This measure was adopted; the private musterings occurred; the exhortation was read; the time and place of assemblage appointed; but, when the day of enrolment arrived, not more than fifteen men appeared upon the ground. In the mean time the express returned with sad accounts from Fort Cumberland. No troops could be furnished from that quarter. The garrison was scarcely strong enough for self-defence, having sent out detachments in different directions. The express had narrowly escaped with his life, having been fired upon repeatedly, his horse shot under him, and his clothes riddled with bullets. The roads, he said, were infested by savages; none but hunters, who knew how to thread the forests at night, could travel with safety.

Horrors accumulated at Winchester. Every hour brought its tale of terror, true or false, of houses burnt, families massacred, or beleaguered and famishing in stockaded forts. The danger approached. A scouting party had been attacked in the Warm Spring Mountain, about twenty miles distant, by a large body of French and Indians, mostly on horseback. The captain of the scouting party and several of his men had been slain, and the rest put to flight.

An attack on Winchester was apprehended, and the terrors of the people rose to agony. They now turned to Washington as their main hope. The women surrounded him, holding up their children, and imploring him with tears and cries to save them from the savages. The youthful commander looked round on the suppliant crowd with a countenance beaming with pity, and a heart wrung with anguish. A letter to Governor Dinwiddie shows the conflict of his feelings. "I am too little acquainted with pathetic language to attempt a description of these people's distresses. But what can I do? I see their situation; I know their danger, and participate their sufferings, without having it in my power to give them further relief than uncertain promises."--"The supplicating tears of the women, and moving petitions of the men, melt me into such deadly sorrow, that I solemnly declare, if I know my own mind, I could offer myself a willing sacrifice to the butchering enemy, provided that would contribute to the people's ease."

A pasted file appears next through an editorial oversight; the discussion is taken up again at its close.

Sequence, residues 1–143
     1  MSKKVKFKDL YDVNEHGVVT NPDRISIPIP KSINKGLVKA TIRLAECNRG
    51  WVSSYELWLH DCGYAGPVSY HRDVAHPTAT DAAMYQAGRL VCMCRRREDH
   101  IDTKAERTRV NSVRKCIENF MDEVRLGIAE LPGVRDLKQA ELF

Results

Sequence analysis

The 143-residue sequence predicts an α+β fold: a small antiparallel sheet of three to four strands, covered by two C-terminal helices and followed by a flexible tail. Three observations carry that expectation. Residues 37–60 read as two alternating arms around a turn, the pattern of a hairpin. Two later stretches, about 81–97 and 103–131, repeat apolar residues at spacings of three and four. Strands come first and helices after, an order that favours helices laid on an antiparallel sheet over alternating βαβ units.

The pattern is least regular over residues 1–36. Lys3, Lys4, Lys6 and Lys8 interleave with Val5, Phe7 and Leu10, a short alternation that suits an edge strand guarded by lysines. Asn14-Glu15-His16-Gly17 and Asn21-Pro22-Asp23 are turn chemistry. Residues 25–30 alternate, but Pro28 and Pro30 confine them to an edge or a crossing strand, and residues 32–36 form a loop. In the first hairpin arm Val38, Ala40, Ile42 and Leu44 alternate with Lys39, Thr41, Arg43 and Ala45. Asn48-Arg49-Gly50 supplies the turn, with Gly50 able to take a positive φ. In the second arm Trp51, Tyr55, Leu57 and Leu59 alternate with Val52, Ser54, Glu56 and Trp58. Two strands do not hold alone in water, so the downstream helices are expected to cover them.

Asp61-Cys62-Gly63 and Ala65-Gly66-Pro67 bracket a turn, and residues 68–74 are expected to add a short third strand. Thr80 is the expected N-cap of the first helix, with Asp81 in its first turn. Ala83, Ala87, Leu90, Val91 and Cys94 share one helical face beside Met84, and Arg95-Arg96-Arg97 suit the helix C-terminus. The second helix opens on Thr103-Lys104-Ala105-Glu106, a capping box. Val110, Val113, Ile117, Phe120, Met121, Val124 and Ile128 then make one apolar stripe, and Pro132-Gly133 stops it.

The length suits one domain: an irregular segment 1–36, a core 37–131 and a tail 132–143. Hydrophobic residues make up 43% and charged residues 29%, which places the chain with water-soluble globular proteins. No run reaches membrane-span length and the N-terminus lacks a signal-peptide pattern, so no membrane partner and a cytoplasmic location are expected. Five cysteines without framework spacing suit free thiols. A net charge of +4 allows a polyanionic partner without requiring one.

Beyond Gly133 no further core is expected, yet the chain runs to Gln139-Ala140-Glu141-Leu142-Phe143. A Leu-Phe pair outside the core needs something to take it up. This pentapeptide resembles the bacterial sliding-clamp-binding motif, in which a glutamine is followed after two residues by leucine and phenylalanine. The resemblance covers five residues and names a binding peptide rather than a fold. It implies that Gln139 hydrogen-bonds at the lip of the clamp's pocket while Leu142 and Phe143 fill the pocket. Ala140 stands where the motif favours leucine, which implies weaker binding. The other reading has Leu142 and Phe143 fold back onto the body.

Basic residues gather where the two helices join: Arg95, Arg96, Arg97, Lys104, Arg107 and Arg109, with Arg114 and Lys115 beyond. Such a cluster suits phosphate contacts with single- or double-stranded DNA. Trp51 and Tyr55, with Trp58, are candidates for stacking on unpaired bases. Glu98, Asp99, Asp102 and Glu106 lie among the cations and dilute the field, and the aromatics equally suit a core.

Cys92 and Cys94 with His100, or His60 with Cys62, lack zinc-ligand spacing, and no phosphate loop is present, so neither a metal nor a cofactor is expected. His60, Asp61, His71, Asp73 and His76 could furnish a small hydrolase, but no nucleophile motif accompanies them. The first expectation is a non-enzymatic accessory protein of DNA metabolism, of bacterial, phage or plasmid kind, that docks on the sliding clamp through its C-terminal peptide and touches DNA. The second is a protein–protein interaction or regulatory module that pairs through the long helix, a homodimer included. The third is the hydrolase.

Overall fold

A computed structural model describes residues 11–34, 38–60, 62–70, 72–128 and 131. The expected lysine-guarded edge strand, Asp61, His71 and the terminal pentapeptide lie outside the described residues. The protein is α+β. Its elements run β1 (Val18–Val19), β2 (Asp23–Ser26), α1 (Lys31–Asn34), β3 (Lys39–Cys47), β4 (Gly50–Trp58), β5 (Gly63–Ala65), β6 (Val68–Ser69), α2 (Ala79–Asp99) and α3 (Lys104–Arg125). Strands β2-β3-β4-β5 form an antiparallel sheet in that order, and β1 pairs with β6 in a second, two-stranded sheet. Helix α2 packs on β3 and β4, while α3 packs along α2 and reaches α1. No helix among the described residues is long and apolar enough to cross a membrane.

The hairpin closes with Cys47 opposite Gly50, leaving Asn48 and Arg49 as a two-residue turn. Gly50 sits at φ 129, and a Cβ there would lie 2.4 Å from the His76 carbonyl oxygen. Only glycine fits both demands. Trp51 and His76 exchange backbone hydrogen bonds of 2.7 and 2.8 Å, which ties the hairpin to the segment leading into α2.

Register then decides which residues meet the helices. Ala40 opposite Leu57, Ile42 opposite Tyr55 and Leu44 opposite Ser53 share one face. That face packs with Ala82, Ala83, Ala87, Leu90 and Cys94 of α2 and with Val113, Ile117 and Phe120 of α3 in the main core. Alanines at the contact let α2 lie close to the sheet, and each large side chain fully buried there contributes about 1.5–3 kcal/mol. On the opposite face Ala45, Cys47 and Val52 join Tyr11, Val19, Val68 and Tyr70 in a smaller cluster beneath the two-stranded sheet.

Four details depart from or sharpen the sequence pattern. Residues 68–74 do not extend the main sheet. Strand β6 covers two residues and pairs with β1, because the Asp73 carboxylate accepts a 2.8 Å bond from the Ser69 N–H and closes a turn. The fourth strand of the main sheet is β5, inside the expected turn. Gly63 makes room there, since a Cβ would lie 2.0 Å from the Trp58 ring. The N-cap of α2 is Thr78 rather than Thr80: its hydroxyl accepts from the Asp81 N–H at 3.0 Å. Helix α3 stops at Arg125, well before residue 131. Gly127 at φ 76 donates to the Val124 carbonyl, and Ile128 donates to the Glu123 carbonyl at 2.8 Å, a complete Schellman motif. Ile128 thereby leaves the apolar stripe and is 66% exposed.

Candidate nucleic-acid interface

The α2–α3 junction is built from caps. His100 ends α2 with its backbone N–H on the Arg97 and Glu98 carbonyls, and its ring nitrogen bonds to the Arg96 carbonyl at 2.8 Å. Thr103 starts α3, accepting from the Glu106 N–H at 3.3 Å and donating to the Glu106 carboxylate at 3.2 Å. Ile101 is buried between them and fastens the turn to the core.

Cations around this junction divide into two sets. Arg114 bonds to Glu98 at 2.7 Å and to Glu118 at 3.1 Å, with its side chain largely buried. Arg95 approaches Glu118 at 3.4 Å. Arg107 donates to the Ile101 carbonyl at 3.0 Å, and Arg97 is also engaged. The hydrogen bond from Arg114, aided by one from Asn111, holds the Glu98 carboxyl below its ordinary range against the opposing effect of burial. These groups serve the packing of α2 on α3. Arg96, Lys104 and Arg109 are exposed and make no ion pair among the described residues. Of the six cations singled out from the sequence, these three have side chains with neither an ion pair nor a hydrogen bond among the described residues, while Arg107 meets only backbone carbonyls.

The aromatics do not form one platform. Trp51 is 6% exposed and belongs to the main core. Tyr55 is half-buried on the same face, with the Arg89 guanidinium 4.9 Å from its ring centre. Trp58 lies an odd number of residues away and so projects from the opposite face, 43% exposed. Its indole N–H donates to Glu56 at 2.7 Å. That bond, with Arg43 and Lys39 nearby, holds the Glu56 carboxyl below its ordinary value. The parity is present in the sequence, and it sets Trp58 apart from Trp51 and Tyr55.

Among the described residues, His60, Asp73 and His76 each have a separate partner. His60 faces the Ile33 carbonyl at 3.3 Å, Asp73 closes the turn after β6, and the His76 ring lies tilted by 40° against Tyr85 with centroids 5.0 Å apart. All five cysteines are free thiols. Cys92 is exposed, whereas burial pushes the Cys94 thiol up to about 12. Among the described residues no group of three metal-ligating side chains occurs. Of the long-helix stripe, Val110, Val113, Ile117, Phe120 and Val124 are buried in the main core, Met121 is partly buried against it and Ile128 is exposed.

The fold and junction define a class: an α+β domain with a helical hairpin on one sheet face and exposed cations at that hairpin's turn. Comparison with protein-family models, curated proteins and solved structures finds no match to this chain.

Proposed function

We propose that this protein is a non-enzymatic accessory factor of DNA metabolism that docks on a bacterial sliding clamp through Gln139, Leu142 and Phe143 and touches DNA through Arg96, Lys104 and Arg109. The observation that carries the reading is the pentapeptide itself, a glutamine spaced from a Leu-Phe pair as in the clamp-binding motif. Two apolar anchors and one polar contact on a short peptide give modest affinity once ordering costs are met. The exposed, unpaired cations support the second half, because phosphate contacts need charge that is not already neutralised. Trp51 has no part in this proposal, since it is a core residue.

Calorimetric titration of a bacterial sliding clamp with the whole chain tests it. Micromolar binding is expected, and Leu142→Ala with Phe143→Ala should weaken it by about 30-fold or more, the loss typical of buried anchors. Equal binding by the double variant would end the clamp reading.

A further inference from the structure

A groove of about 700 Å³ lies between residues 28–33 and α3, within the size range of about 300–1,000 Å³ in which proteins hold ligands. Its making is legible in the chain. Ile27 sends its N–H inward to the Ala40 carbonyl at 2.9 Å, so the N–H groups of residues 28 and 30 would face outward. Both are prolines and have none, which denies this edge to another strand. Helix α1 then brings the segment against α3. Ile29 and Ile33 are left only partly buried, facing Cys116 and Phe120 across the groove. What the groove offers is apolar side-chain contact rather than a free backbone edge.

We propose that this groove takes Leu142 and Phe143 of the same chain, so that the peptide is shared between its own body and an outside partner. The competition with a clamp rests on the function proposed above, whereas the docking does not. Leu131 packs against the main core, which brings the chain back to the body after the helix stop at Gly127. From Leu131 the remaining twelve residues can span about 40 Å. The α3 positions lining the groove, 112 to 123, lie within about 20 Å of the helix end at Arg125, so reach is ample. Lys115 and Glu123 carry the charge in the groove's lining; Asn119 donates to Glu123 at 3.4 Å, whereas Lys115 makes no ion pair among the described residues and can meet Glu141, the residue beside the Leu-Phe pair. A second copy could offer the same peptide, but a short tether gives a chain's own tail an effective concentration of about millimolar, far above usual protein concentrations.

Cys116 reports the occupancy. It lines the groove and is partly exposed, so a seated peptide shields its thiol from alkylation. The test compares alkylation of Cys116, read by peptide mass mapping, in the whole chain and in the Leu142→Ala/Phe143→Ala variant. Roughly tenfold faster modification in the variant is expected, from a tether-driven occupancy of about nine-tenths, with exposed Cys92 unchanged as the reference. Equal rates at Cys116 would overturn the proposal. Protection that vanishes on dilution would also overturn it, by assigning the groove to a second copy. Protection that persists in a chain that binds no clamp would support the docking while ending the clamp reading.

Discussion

The unstudied eloquence of this letter drew from the governor an instant order for a militia force from the upper counties to his assistance; but the Virginia newspapers, in descanting on the frontier troubles, threw discredit on the army and its officers, and attached blame to its commander. Stung to the quick by this injustice, Washington publicly declared that nothing but the imminent danger of the times prevented him from instantly resigning a command from which he could never reap either honor or benefit. His sensitiveness called forth strong letters from his friends, assuring him of the high sense entertained at the seat of government, and elsewhere, of his merits and services. "Your good health and fortune are the toast of every table," wrote his early friend, Colonel Fairfax, at that time a member of the governor's council. "Your endeavors in the service and defence of your country must redound to your honor."

"Our hopes, dear George," wrote Mr. Robinson, the Speaker of the House of Burgesses, "are all fixed on you for bringing our affairs to a happy issue. Consider what fatal consequences to your country your resigning the command at this time may be, especially as there is no doubt most of the officers will follow your example."